I get 30-50 emails a day which is great because I love hearing from you guys especially when you blow my mind off with compliments and words of approval. A lot of readers are looking for advice on a topic, and I do sometimes get covered and lose an email in the mix as I try to reply to everyone. Please bear with me if I don’t answer in time, I may catch up in a few days.
The most common inquiries are related to food storage. It seems that there are so many articles written on this topic that some people get lost in the mountain of words and are confused about what, how and how much. While I’m not an authority on food storage research, I’ve gained enough expertise through my own efforts to respond intelligently to readers’ questions and offer reasonable solutions.
what to store
This is by far the most common question.
This is the backbone of your survival diet. Wheat is nature’s longest-storing seed, with an infinite shelf life under the right conditions. Wheat can be sprouted even in winter, adding fresh vegetables to your diet. Put back 400 lbs per person.
Although not a food, mineral salts are equally important to diet and personal health. Salt is also used in the preservation of food and animal products. Salt, like wheat, has an infinite life of its own. At least 20 lbs per person.
As a sweetener, honey makes an unparalleled contribution to the diet. Some consider it a superfood that provides energy and renewed vitality. As an extract of the plant kingdom, it certainly contains many ingredients that contribute to health. Honey has an infinite self-life like wheat and salt. At least 10 lbs per person.
Most people even dismiss the idea of powdered milk, preferring the whole milk found on supermarket shelves. Granted, it does taste slightly different, but it’s not bad to drink, and after a week or two, it seems to “grow” you. Studies have shown that skim milk powder can be stored for over 15 years with little change in value when kept dry and moderately cool. 60 lbs per person.
After you’ve got the basic four foods (wheat, sugar, milk powder, and salt) in the desired ratios, it’s a simple matter of adding other foods when you have the extra money. Pinto beans, white rice, peas, soybeans, dried peas, whole corn and canned meats, fruits and vegetables can be added for a more varied diet. Don’t forget to add pepper, baking powder, baking soda, canned yeast, dried eggs, cooking oil, multivitamins and minerals, and an extra vitamin C capsule.
how to store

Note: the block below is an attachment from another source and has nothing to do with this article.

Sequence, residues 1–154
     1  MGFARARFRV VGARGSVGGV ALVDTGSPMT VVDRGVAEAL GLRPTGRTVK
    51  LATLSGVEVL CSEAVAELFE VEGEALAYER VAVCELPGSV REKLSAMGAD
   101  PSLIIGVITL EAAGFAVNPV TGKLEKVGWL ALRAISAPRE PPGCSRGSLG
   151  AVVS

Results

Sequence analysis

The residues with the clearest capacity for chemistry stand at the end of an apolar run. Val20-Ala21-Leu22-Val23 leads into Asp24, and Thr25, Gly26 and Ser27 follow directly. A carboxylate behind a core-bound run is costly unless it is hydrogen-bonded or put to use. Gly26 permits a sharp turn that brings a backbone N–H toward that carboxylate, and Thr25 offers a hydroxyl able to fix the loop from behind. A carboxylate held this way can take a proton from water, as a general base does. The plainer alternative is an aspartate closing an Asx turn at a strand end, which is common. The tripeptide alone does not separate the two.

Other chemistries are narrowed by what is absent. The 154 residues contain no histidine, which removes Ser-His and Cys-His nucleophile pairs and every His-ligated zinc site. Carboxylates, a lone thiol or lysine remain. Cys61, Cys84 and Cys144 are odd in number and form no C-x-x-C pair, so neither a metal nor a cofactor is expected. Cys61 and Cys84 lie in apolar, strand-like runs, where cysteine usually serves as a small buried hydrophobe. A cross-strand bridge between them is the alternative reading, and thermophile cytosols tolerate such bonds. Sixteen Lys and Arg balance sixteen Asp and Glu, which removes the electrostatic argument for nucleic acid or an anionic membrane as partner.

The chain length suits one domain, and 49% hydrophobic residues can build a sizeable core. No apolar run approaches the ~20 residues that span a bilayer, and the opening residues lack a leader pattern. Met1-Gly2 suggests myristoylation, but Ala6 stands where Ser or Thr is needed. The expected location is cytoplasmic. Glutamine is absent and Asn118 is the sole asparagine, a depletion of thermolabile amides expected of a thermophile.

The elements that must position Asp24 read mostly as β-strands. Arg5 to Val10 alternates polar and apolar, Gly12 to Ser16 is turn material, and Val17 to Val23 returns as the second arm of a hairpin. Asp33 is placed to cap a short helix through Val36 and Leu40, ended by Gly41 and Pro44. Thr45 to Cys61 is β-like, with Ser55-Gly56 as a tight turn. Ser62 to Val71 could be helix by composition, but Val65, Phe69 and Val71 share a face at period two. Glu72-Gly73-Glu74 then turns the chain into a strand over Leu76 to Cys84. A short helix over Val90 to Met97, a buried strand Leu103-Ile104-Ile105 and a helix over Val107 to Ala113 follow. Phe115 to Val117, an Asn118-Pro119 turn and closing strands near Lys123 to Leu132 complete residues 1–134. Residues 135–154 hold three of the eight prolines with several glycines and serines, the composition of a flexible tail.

I store all my grains, soy and powdered milk in food grade plastic buckets. There is a lot of confusion and controversy about whether or not barrels are food grade. The #2 inside the small triangle at the bottom of the bucket means it’s made of HDPE plastic, which is food grade.
I got it from the paint section of my local hardware store. They’re also available at Walmart, but I’d prefer to buy from a local business owner if possible. Sometimes they’re even available for free from bakeries and restaurants, just make sure they only hold food, not paint, chemicals, or anything else that could make you sick or dead.
Food packaged with oxygen is not stored like it would be in an oxygen-free environment. An oxygen absorber (available from Nitro-Pak) removes air from the closed vessel, leaving an atmosphere of 99% pure nitrogen in a partial vacuum.
Do not open bags of oxygen absorbers until ready to use, as they will absorb oxygen from the surrounding air and become useless. Get everything ready before unpacking. Any unused absorbent can be stored and placed in a small canning jar until needed.
Be sure to have everything ready before you start. Then pour the food you plan to preserve into the buckets, a little at a time, shaking each bucket as you fill it to settle and distribute the contents. Fill each bucket about ½ inch from the top, then place three oxygen absorbers in each bucket of food.
Quickly put the lid on each barrel, then place a plank on top and tap with a hammer or rubber mallet to close it. After a few hours, the absorber creates a vacuum that “pops” the lid on the barrel, indicating a well-sealed environment suitable for long-term storage. Be sure to include the date, contents and weight on each label and write on the front with a permanent marker.
The next question is where to put all this food? Lack of space is a major disadvantage of living in a 26-foot travel trailer. Almost everything needs to be stored outside. Even in most homes and apartments, life can get cramped as more and more trash fills the space. One option is to sell some stuff you don’t use, maybe clear out a large closet and fill it with the food you’ve stored. You need to look at your personal situation and available space and store your food accordingly.
Most of my food is stored in the outbuilding behind the trailer. It might not be the idea to build, but it’s dry and shady in the summer. I took some concrete blocks and placed a 4×8′ sheet of plywood on top to form a platform to stack the buckets and keep them off the ground. I’d love to have a cellar large enough to accommodate most of my food storage, but now I have to deal with imperfections.